Deafblind person – who is it?
Deafblindness is dual sensory impairment or loss, that is, the loss or damage of both eyesight and hearing. Deafblindness is also sometimes known as multi-sensory impairment. Many people with deafblindness still have a limited amount of sight, hearing or both, although some have a complete loss of both senses.
There are over 23,000 people with deafblindness in USA, although this figure could be much higher if all the elderly people who have lost both sight and hearing are taken into account.
Sense, the country’s leading organisation for deafblind people, estimate that there could be as many as 250,000 people with deafblindness in United States today.
Facts about Deafblindness
Communication is one of the biggest problems for people with deafblindness. Many people used to use the Block alphabet to communicate with deafblind people. This involves using the tip of your index finger to trace out letters of the alphabet in block capitals on the palm of the person you are communicating with.
Block has since been replaced by the Deafblind Manual Alphabet. In this alphabet, a particular sign or place on the hand represents each letter.
So, for example, the vowels are communicated by touching the tip of your index finger to the tip of the finger of the person you are talking to the tip of the thumb for A, the tip of the index finger for E, the tip of the middle finger for I, the tip of the fourth finger for O, and the tip of the little finger for U.
The Deafblind Manual Alphabet can be slow to use at first but is very easy and quick to learn, and can be very useful when communicating with a person who is deafblind.
Signs of deafblindness
Loss or impairment of both eyesight and hearing.
Causes of deafblindness
A person who is born with impaired sight and hearing has congenital deafblindness. This means that the condition has existed since birth, due to a genetic disorder (a faulty gene), or through an infection passed on by the mother during pregnancy.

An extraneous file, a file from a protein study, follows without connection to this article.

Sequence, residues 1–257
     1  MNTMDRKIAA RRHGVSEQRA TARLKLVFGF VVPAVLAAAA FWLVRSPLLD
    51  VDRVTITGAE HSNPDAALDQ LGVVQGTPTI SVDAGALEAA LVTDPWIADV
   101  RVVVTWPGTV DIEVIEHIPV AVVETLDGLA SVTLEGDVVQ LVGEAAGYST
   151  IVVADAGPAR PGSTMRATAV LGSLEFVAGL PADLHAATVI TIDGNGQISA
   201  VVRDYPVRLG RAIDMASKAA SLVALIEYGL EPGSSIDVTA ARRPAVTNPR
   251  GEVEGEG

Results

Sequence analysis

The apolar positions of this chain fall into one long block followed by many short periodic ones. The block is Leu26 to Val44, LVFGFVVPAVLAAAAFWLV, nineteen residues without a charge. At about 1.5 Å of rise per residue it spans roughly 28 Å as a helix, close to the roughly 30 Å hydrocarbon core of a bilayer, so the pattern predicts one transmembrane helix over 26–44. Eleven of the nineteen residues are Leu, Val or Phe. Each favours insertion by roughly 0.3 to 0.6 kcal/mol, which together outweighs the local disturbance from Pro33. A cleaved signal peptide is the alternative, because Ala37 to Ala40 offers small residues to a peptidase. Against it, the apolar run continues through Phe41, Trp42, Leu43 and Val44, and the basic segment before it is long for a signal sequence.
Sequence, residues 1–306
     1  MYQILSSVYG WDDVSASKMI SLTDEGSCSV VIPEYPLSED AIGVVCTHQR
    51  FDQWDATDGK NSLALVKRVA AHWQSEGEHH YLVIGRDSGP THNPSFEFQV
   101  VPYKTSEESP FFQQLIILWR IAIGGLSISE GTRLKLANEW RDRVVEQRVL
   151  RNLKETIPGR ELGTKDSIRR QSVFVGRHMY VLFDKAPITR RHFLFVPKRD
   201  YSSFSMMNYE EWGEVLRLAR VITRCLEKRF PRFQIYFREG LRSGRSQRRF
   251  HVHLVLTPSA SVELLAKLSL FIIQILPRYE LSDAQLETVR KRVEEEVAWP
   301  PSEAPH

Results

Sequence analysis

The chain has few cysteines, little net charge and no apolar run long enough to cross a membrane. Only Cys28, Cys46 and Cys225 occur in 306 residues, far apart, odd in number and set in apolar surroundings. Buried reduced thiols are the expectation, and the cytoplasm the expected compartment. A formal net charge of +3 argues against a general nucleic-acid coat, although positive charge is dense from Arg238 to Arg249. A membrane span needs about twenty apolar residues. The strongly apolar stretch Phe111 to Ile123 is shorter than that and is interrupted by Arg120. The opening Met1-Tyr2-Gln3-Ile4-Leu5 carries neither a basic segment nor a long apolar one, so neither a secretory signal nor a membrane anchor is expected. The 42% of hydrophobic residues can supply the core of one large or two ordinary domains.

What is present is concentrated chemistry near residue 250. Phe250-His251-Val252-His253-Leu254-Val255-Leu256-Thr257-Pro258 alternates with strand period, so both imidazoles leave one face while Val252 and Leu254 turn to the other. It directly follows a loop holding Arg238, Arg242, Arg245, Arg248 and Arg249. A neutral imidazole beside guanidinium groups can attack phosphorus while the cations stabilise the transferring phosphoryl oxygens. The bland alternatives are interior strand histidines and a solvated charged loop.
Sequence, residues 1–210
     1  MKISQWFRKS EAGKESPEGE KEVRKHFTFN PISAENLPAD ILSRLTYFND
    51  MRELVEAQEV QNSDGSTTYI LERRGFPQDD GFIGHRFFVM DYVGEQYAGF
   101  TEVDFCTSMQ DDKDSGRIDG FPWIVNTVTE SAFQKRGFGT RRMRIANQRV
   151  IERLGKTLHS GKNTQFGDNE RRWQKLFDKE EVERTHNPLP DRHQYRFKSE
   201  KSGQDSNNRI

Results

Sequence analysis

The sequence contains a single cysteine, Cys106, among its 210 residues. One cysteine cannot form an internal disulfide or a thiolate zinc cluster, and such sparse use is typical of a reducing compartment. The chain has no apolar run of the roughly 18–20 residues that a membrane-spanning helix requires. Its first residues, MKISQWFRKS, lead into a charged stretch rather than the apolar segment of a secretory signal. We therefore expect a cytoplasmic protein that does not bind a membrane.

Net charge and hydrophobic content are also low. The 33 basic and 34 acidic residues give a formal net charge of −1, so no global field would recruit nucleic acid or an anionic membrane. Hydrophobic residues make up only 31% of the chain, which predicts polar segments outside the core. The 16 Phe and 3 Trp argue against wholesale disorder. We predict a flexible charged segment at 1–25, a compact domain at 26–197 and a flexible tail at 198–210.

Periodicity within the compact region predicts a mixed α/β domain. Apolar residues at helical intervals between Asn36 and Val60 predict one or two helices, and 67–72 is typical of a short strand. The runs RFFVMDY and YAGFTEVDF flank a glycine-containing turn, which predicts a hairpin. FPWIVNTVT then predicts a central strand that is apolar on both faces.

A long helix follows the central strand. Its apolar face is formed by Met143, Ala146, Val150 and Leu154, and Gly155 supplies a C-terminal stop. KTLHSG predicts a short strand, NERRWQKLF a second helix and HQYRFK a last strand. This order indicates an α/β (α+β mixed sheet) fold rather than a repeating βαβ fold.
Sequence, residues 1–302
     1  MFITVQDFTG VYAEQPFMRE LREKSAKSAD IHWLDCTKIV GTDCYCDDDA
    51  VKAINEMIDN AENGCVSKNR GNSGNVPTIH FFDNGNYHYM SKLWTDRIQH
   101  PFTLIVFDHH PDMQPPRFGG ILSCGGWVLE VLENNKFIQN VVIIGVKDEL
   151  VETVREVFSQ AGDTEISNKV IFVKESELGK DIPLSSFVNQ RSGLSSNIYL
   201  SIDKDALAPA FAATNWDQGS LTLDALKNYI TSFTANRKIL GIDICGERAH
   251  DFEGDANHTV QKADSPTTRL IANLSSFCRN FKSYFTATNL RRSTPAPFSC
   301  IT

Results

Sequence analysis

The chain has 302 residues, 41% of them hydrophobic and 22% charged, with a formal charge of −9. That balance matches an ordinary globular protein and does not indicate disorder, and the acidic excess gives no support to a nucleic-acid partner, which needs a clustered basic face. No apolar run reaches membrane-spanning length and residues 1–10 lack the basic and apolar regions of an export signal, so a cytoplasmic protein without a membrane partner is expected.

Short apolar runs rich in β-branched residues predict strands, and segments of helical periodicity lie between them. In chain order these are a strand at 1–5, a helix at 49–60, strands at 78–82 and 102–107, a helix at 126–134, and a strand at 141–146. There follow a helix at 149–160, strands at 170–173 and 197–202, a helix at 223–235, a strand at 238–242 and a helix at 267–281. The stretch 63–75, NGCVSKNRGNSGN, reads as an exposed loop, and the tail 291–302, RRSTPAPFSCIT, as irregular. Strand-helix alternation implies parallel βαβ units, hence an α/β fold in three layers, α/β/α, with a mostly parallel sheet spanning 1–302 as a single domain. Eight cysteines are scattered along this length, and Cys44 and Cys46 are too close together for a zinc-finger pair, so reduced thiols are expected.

For example, pregnant women who contract Rubella (also known as German Measles) are at higher risk of giving birth to babies with deafblindness.
In the past, Rubella was the main cause of congenital deafblindness, but in recent years this has been a much less common cause due to the availability of vaccination.
Another major cause of deafblindness is Usher syndrome which is characterised by total or partial hearing loss, together with Retinitis Pigmentosa (a disease that results in damage to the retina � the light sensitive tissue at the back of the eye).
Acquired deafblindness is used to describe when a person:
- loses hearing and sight as a result of an accident, disease or old age;
- is born without hearing and loses sight in later life;
- is born without sight and loses hearing in later life.
Diagnosis of deafblindness is based on the loss or impairment of both hearing and sight. The level of deafblindness varies greatly from person to person, and a medical examination including sight and hearing tests are used determine the severity of deafblindness.
Some people may have complete hearing loss but have limited vision and even be able to read with visual aids. Others may retain a level of both sight and hearing, while some may have complete loss of both senses.
Treatment for a deaf and blind person